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Hallelujah comes from the Greek word Alleluia, a transliteration of the Hebrew word halelu-Yah, which means “praise ye Yahweh” (Psalms 104:35). Hallelujah comes from the word halal, which means “to shine,” “to boast,” “to celebrate,” “to praise,” and Yah, which is a shortened form of Yahweh. Like another Hebrew word “amen,” “hallelujah” has been adopted into the English language practically unchanged.
The phrase is mostly seen in the Psalms and in the book of Revelation where it is used to praise God for all the many miracles in caring and saving His people. The term is used 24 times in the Hebrew Bible (in the book of Psalms), twice in deuterocanonical books, and four times in the book of Revelation.
In the book of Psalms, ‘praise ye Jehovah’ frequently rendered ‘praise ye the LORD’ stands at the beginning of ten of the psalms (106,111-113,135,146-150). These are called “hallelujah psalms.” These Psalms are praise songs for God’s faithfulness to His covenant despite Israel’s stubbornness, rebellion, and sin. The psalmist offers thanksgiving for God’s mercy and steadfast love.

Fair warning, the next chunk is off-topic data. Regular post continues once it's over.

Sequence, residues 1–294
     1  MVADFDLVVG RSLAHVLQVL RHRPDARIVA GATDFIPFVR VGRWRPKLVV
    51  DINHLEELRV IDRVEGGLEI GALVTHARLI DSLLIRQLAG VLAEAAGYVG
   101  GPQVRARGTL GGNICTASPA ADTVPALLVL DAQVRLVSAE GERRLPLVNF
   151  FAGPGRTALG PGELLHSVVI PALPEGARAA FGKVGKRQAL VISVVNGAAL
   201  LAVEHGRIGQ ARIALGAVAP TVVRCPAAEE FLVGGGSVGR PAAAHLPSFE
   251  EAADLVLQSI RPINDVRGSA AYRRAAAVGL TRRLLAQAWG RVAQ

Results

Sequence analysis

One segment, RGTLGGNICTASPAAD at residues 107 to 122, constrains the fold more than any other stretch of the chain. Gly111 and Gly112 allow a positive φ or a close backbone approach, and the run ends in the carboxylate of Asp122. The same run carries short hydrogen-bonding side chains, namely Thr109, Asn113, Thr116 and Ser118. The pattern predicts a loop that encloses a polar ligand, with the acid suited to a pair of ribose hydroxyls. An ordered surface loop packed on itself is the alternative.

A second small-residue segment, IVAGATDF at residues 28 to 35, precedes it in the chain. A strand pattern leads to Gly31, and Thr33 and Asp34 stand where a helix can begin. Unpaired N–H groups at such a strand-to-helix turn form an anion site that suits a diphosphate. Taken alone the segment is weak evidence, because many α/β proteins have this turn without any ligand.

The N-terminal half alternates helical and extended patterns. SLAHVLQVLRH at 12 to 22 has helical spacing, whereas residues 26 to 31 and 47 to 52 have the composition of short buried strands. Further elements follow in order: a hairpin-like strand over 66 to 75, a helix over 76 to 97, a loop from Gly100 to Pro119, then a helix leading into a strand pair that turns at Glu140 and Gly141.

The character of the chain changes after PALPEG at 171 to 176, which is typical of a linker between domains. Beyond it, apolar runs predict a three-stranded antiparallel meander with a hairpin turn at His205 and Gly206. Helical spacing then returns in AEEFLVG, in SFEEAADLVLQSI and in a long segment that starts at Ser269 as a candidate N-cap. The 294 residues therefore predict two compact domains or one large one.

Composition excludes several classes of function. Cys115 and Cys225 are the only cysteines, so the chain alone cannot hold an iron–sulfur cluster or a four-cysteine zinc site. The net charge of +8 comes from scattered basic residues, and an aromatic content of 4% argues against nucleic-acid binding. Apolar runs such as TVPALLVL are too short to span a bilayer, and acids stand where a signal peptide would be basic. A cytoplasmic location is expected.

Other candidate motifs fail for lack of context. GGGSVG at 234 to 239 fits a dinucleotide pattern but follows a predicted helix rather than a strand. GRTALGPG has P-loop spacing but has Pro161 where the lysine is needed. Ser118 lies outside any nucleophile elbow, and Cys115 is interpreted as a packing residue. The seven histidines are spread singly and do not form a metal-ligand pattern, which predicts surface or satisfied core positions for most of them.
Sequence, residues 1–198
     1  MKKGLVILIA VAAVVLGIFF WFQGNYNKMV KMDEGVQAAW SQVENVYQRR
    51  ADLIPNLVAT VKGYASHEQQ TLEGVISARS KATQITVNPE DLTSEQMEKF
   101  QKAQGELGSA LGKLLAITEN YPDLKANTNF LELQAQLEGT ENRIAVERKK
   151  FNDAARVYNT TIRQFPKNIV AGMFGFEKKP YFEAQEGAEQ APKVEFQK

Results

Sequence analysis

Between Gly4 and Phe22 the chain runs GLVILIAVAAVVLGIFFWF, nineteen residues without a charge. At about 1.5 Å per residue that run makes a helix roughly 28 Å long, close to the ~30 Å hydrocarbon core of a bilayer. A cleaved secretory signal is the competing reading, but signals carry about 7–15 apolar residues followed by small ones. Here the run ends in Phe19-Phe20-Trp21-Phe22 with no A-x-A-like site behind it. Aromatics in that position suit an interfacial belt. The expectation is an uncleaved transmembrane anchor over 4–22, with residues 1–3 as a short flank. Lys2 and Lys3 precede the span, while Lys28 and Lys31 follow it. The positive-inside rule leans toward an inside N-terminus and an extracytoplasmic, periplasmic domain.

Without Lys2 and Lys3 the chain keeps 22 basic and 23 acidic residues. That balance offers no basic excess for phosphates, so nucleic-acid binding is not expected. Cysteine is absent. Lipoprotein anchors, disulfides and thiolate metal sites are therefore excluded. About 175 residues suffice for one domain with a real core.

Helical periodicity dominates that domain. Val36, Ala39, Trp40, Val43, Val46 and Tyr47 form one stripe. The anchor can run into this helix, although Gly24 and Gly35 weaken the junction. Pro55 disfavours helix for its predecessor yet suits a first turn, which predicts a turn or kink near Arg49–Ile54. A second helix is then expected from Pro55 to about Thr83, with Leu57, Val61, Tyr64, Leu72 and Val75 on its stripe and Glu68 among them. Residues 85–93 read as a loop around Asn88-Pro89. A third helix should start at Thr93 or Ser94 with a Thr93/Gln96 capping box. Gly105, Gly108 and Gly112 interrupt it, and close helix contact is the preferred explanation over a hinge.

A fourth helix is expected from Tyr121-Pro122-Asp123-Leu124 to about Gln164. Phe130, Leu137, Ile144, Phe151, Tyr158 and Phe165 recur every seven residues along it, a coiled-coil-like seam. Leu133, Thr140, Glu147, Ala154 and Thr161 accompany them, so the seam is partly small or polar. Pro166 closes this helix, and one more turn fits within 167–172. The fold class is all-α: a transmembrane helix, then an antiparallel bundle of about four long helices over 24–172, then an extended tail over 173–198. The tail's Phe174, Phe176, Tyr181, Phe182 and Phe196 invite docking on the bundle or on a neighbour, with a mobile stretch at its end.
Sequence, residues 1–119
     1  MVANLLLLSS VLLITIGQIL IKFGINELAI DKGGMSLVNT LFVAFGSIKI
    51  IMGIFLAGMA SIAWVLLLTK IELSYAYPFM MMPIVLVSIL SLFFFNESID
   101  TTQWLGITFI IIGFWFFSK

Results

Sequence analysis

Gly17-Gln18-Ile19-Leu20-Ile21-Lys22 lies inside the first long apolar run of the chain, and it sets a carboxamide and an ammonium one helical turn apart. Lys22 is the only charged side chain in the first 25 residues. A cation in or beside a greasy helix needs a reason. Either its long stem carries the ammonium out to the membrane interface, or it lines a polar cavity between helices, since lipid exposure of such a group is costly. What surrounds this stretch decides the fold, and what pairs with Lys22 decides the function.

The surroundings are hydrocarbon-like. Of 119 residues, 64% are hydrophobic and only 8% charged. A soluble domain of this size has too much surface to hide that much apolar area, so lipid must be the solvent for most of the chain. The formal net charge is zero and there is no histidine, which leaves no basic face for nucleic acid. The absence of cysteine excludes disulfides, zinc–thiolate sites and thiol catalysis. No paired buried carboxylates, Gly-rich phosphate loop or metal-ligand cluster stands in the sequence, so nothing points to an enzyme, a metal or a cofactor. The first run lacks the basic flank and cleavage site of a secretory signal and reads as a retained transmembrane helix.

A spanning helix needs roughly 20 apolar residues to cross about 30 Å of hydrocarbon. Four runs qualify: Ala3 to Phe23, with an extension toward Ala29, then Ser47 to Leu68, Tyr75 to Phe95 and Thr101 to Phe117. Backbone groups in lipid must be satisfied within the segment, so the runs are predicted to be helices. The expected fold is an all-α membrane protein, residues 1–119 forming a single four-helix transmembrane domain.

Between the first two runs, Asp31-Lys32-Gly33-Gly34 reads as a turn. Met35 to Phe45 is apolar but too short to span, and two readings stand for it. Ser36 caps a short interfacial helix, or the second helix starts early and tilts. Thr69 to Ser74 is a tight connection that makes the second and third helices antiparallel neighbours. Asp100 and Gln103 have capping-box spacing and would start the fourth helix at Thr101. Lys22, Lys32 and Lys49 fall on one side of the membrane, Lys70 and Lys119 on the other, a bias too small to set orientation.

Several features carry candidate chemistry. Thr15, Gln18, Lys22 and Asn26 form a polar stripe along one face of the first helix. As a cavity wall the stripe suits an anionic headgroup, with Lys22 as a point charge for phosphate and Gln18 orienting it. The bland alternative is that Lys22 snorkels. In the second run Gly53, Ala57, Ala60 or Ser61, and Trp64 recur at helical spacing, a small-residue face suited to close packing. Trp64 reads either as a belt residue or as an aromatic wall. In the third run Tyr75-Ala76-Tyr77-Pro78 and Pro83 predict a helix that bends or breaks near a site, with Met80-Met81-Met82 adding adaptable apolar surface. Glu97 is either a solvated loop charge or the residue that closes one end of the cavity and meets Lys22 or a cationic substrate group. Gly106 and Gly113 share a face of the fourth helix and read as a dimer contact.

In Revelation 19: 1–7, the phrase is used in the wedding supper of the Lamb and constitutes an antiphonal choral composed of two anthems and two responses for the purpose of praising God for His final judgment on all wickedness: “I heard a loud voice of a great multitude in heaven, saying, “Alleluia! Salvation and glory and honor and power belong to the Lord our God! For true and righteous are His judgments, because He has judged the great harlot who corrupted the earth with her fornication; and He has avenged on her the blood of His servants shed by her…”
It is this usage that Charles Jennens extracted for the Hallelujah Chorus in Handel’s Messiah. In contemporary worship among Protestants, expressions of “Hallelujah” and “Praise the Lord” are acceptable unprompted expressions of joy and thanksgiving to God.
In His service,